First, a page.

'The state of places some landlords try to rent... they don't even bother to clean them'
An art dealer based in Dublin said his daily commute to and from work could take up to three hours, as he struggled to find a place to rent close to the city centre.
Jay Davis (26), who works in Sol Art Gallery with his father, moved home to Ongar in May 2014 after the landlord of his previous accommodation in Artane decided to sell the property.
"Houses prices were around their highest point at that time, so I would say the landlord got a lot more than he would have got the previous year," he said.
Since then Jay hasn't been able to find suitable accommodation after his tenancy ended.
This means that he is now 15km away from the city centre compared with 5km.
"On average, I spend about two-and-a-half hours on the bus travelling to and from work every day. On a bad day, I spend three hours travelling," he told the Irish Independent.
Recently Jay found the "perfect" accommodation in Dublin 7. He said it would have made a "massive difference" to be able to get home early. But he was disappointed after he discovered that the owner was planning to advertise it on Airbnb.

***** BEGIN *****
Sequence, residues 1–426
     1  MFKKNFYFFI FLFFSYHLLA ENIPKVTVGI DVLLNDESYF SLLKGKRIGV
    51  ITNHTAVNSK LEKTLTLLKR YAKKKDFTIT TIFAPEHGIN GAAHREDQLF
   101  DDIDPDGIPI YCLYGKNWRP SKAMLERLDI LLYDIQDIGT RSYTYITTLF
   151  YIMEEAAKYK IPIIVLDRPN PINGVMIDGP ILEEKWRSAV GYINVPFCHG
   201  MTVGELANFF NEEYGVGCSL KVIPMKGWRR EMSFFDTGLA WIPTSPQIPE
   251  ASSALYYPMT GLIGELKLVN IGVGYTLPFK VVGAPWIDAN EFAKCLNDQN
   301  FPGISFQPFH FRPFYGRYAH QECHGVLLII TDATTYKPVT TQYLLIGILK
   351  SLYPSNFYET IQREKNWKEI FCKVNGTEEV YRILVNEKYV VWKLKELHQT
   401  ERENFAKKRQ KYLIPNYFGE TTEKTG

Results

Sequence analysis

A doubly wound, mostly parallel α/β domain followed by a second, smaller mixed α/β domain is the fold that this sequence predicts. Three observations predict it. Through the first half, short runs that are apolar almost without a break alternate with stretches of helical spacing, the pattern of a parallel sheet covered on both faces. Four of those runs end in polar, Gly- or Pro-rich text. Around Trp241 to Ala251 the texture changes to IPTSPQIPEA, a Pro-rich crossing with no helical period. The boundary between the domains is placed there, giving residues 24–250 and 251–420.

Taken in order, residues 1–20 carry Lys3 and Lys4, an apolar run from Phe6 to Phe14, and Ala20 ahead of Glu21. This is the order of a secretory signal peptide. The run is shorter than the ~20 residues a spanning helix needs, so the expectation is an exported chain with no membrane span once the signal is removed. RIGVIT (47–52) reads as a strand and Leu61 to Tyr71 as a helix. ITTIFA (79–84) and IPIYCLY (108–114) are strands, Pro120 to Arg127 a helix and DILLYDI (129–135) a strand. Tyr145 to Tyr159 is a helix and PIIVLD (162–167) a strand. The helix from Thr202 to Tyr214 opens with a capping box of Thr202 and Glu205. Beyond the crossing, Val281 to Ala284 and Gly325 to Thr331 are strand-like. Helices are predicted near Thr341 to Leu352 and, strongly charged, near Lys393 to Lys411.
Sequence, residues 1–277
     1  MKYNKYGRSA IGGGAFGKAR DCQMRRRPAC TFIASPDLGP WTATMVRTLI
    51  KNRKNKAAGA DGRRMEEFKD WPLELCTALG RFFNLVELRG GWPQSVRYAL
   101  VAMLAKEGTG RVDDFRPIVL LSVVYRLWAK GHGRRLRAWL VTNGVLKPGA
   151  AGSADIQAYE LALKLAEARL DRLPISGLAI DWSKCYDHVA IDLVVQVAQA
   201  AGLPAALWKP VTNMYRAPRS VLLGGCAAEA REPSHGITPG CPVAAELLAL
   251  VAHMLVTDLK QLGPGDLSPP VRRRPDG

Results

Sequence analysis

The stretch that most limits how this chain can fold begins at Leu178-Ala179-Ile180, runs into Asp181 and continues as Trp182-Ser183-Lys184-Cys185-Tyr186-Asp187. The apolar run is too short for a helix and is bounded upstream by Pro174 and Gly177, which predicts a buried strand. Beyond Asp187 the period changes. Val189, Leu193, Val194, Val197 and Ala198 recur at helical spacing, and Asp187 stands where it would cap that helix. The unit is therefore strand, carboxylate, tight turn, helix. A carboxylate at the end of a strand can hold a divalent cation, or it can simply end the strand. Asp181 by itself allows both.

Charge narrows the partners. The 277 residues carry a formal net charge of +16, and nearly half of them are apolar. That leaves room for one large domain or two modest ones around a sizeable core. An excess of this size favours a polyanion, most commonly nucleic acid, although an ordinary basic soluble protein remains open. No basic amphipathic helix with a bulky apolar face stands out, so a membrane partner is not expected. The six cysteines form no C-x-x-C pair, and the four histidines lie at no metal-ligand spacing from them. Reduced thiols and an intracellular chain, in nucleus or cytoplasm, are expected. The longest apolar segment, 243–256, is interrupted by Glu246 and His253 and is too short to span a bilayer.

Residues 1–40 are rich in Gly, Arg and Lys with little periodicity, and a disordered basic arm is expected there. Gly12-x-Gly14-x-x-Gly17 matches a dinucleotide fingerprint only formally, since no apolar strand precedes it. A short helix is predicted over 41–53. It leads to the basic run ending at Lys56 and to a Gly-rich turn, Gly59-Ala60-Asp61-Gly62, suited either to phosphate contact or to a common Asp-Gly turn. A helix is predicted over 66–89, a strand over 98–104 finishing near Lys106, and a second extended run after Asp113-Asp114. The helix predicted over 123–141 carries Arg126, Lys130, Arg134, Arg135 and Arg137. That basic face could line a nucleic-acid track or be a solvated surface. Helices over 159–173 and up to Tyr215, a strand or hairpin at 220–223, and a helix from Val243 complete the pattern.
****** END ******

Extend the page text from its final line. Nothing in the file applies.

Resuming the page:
"It was €600 a month, which is a great price for a double bedroom in a house," Jay said. "The owner seemed quite nice, very friendly - there were a lot of ticks."
But when the landlord failed to contact him for a week, Jay feared the worst and was told of the plan to advertise it on Airbnb instead.
Since then, he has seen "horrible" accommodation around the city, but despite poor hygiene conditions and a lack of facilities, many people are still lining up to view properties.
"The state of the places some people are trying to rent - I viewed this place in Rathmines and they didn't even bother to sweep it or clean it up," he said.
"There was competition. There were about 10 other people that came along as well."
Jay has been looking sporadically for accommodation.
"I think prices have gone up steadily from what I can see," he said. He added that the introduction of caps to rent pressure zones was a positive initiative, but rents were still "sky high".